PS5.2 | Observations and Modeling of Planets within the Solar System and Beyond

PS5.2

EDI
Observations and Modeling of Planets within the Solar System and Beyond
Convener: Maggie ThompsonECSECS | Co-conveners: Daniel WilliamsECSECS, Emeline Bolmont, Fabian SeidlerECSECS, Neil LewisECSECS, Elsa DucrotECSECS, Aurélien Falco

Planetary science is entering an exciting new technological era with advanced spacecraft providing the most in-depth view of planetary bodies in our Solar System, together with large aperture telescopes like JWST that will characterize the physics and chemistry of exoplanets in our galaxy. From the terrestrial and gas giant planets in our Solar System, to the exoplanet population of super-Earths and sub-Neptunes, rocky worlds, and gaseous planets like hot Jupiters, coupled observational and modeling efforts are needed in order to understand planetary diversity. In this session, we welcome contributions spanning observational and theoretical research that seeks to better understand the properties of planets both within and beyond the Solar System. In the coming decades, the main avenue for characterizing exoplanets will be through observations of their atmospheres. Since an in-depth study of every planet’s atmosphere is becoming increasingly impractical with the ever-growing number of known exoplanets, a comparative planetology approach, with tools including parameter surveys and statistical techniques, is increasingly important. Therefore, we invite works on the nature of planetary atmospheres, especially those with a comparative viewpoint. Of the many exoplanet systems that JWST has started to observe, the Trappist-1 system is one of the most exciting, with 7 transiting terrestrial-sized worlds. In this session, we also welcome efforts related to the formation, evolution and habitability potential of planets in this fascinating system.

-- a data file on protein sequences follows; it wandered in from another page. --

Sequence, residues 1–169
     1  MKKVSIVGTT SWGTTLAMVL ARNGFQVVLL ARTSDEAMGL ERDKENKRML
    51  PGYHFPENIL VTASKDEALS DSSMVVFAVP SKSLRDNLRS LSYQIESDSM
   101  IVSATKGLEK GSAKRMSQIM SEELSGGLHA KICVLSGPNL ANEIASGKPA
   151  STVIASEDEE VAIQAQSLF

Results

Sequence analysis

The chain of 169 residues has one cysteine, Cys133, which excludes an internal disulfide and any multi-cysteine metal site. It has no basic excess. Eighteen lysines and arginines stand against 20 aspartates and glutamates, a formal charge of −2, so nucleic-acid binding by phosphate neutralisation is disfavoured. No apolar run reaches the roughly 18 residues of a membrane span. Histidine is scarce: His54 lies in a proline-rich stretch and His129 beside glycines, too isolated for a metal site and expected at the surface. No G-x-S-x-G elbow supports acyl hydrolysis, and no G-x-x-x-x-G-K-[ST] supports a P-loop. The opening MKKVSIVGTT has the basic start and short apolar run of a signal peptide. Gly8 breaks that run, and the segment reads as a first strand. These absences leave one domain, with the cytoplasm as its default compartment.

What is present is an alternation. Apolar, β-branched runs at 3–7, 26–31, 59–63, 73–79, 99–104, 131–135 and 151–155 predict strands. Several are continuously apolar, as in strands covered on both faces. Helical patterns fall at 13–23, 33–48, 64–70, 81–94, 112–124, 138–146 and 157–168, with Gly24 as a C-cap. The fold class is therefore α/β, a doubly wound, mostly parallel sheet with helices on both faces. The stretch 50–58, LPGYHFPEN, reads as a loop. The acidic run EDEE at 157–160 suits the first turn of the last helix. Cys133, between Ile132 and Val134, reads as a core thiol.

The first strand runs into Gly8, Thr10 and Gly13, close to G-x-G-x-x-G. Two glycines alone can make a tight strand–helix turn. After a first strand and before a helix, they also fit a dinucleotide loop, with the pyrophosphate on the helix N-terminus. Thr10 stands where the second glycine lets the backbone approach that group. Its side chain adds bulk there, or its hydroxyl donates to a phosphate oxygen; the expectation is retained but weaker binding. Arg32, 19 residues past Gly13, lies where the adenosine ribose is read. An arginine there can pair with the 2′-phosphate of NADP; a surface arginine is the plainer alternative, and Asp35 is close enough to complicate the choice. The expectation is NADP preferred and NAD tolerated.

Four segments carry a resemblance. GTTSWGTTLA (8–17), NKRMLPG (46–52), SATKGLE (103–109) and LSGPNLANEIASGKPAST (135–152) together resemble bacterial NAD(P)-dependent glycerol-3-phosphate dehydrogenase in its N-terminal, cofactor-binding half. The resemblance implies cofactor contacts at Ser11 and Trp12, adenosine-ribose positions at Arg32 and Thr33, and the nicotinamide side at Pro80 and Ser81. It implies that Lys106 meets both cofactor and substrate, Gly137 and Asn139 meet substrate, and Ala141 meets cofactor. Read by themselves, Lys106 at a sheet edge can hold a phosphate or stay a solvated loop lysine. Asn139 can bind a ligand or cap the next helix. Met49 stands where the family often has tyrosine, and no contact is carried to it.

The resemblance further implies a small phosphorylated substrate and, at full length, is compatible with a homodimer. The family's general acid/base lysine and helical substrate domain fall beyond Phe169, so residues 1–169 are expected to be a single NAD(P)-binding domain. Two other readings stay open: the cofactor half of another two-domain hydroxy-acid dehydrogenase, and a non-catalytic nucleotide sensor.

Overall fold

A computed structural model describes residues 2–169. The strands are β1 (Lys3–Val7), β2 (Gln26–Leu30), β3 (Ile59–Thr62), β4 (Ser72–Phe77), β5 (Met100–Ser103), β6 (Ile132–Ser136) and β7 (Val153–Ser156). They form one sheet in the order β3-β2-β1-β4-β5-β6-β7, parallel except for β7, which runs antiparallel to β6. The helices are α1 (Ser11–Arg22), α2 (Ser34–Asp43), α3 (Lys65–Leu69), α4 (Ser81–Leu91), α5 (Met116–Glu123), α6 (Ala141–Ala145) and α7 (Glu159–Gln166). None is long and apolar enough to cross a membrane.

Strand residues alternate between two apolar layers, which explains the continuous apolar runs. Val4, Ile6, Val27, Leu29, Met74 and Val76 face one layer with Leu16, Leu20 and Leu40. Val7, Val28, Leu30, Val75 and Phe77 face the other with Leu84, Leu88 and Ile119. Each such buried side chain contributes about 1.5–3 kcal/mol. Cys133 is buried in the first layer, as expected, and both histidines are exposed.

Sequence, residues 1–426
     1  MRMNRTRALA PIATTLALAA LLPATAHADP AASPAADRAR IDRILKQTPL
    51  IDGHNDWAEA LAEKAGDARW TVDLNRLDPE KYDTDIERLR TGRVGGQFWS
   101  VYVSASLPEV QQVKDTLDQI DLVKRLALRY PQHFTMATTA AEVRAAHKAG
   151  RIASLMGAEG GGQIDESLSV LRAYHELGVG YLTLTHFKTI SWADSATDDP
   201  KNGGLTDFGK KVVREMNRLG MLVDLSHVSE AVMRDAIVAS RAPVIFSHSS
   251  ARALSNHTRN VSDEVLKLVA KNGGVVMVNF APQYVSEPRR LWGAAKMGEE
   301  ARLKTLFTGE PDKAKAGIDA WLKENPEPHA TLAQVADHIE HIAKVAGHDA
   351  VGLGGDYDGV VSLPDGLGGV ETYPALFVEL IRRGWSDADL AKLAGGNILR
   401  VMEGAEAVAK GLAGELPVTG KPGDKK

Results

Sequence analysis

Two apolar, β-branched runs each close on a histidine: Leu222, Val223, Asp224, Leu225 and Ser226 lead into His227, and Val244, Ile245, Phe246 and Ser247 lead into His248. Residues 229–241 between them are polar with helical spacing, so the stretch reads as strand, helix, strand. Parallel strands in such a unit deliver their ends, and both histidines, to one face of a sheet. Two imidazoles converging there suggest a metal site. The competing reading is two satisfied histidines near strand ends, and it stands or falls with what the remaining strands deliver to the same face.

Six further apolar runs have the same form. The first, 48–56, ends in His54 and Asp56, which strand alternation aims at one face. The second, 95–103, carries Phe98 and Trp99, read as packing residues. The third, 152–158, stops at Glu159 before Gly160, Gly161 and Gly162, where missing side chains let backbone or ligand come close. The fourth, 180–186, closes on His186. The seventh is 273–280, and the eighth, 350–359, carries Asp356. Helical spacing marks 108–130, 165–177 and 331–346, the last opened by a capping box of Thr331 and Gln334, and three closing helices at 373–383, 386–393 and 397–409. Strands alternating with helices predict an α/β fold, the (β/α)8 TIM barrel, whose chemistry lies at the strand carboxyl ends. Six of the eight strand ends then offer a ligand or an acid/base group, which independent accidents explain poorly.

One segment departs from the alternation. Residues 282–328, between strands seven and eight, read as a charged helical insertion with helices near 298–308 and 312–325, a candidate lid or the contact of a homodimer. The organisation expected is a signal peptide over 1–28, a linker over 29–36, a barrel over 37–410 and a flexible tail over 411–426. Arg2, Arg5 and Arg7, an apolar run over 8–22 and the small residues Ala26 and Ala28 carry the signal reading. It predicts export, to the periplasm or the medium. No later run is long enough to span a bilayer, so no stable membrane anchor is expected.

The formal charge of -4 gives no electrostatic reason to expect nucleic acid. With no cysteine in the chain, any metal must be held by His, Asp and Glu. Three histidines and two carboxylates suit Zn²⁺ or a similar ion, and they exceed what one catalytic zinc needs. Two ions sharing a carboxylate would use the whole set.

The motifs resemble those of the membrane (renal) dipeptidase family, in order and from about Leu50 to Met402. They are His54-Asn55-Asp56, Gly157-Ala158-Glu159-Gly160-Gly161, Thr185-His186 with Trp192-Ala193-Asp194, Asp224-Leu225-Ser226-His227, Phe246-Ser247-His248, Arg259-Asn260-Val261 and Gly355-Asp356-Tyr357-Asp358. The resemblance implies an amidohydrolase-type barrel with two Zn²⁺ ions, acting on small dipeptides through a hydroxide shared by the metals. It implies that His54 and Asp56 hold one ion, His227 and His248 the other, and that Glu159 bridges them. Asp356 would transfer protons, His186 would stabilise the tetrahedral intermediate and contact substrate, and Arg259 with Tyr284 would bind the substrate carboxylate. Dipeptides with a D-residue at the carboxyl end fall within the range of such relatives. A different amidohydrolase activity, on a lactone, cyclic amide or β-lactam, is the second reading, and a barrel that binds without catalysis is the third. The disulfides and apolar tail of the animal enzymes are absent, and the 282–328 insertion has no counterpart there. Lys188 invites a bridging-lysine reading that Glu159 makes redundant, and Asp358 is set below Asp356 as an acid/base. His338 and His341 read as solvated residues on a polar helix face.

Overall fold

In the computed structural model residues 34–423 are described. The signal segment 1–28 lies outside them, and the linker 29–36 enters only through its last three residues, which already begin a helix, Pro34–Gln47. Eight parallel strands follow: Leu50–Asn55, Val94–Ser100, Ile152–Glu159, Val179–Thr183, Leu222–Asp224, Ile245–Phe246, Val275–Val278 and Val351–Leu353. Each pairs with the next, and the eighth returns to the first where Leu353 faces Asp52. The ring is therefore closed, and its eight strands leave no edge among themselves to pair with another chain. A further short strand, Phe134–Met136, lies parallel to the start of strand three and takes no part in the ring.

Planetary science is entering an exciting new technological era with advanced spacecraft providing the most in-depth view of planetary bodies in our Solar System, together with large aperture telescopes like JWST that will characterize the physics and chemistry of exoplanets in our galaxy. From the terrestrial and gas giant planets in our Solar System, to the exoplanet population of super-Earths and sub-Neptunes, rocky worlds, and gaseous planets like hot Jupiters, coupled observational and modeling efforts are needed in order to understand planetary diversity. In this session, we welcome contributions spanning observational and theoretical research that seeks to better understand the properties of planets both within and beyond the Solar System. In the coming decades, the main avenue for characterizing exoplanets will be through observations of their atmospheres. Since an in-depth study of every planet’s atmosphere is becoming increasingly impractical with the ever-growing number of known exoplanets, a comparative planetology approach, with tools including parameter surveys and statistical techniques, is increasingly important. Therefore, we invite works on the nature of planetary atmospheres, especially those with a comparative viewpoint. Of the many exoplanet systems that JWST has started to observe, the Trappist-1 system is one of the most exciting, with 7 transiting terrestrial-sized worlds. In this session, we also welcome efforts related to the formation, evolution and habitability potential of planets in this fascinating system.